The saddening fact is that the Supreme Court does have the power to strike down laws as it sees fit. http://nationalparalegal.edu... has compiled a brief list of cases that were all impacted by judicial review.
"It is difficult to overstate the effect that Marbury and its progeny have had on the American legal system. A comprehensive list of important cases that have struck down federal or state statutes would easily reach four digits. But a recap of some of the most important historical Court decisions should serve to demonstrate the impact of judicial review.
In Brown v. Board of Education, 347 U.S. 483 (1954), the Supreme Court struck down state laws establishing separate public schools for black and white students on the grounds that they violated the "equal protection" clause of the Fourteenth Amendment.
In Gideon v. Wainwright, 372 U.S. 335 (1963), the Supreme Court forced states to provide counsel in criminal cases for indigent defendants who were being tried for commission of a felony and could not afford their own counsel.
In Loving v. Virginia, 388 U.S. 1 (1967), the Supreme Court struck down a Virginia statute that prohibited interracial marriage, also on equal protection grounds.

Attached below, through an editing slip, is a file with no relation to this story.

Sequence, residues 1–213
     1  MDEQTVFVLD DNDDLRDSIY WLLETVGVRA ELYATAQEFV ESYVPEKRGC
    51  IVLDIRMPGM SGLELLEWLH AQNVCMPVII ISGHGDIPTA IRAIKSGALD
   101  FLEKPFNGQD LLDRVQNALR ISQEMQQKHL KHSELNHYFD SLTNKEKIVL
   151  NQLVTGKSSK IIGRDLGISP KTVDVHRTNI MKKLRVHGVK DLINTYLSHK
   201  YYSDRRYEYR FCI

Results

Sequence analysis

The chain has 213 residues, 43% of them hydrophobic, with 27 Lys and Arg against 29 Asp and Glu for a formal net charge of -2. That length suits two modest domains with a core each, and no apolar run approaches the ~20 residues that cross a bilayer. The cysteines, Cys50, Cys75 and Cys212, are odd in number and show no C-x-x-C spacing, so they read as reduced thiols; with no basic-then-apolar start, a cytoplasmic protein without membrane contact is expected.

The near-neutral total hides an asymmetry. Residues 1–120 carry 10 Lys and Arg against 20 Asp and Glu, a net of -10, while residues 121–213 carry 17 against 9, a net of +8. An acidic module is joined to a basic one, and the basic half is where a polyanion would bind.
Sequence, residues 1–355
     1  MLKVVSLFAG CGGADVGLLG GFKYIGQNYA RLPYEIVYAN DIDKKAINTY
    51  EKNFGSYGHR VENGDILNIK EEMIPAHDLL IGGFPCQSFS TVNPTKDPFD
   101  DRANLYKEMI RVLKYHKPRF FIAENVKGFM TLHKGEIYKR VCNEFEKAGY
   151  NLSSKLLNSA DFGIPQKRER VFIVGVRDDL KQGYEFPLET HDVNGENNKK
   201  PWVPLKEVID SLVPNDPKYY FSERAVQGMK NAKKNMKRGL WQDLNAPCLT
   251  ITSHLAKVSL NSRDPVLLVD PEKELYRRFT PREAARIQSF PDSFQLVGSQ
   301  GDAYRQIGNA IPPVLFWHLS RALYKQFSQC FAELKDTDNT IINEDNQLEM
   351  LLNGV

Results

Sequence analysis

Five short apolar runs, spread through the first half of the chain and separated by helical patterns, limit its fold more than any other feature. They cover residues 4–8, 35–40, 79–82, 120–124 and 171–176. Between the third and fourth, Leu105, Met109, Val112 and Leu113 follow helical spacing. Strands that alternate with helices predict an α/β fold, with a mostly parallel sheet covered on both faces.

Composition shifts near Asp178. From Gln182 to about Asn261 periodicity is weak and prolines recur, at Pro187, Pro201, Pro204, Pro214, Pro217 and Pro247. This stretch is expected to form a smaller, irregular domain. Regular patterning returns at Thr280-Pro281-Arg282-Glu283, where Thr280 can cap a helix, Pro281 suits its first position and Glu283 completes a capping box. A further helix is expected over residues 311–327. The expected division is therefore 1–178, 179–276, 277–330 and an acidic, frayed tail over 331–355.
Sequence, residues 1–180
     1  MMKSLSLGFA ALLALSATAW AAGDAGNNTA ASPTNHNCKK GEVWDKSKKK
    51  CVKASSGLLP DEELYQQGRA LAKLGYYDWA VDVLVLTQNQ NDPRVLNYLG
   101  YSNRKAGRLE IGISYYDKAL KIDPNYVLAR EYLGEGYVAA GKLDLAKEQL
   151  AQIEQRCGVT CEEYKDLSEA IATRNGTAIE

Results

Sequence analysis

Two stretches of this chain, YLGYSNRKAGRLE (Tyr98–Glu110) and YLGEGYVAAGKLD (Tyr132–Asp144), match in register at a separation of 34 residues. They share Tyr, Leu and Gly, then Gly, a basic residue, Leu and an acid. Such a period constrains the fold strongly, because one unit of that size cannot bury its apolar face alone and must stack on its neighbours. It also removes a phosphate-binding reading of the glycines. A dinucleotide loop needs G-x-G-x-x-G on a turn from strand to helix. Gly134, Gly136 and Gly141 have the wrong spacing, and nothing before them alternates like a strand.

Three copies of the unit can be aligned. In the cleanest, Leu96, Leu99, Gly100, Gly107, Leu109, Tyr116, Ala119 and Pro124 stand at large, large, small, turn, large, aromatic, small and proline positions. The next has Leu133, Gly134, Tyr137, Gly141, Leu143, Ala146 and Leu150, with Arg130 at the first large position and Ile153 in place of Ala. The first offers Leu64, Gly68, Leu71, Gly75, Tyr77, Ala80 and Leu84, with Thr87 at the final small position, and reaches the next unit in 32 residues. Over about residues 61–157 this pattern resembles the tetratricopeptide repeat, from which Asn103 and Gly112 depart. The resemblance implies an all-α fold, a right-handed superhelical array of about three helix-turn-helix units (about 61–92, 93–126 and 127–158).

In Brandenburg v. Ohio, 395 U.S. 444 (1969), the Supreme Court ruled that state criminal laws that punished people for incitement could not be applied unless the speech in question was intended to and likely to, cause people to engage in imminent lawless action.
In Furman v. Georgia, 408 U.S. 238 (1972), the Supreme Court temporarily halted the death penalty in the United States by ruling that state death penalty statutes were not applied consistently or fairly enough to pass muster under the Eighth Amendment.
In Roe v. Wade, 410 U.S. 113 (1973), the Supreme Court struck down state laws that made abortion illegal. Though Roe and many later cases have walked a tight line in determining exactly how far the right to choose an abortion extends, the basic idea that the right to choose an abortion is protected as part of the right to privacy still stands as the law of the land.
In Buckley v. Valeo, 424 U.S. 1 (1976), the Supreme Court struck down spending limits on individuals or groups who wished to use their own money to promote a political candidate or message (though it upheld limitations on how much could be contributed directly to a campaign) on First Amendment grounds.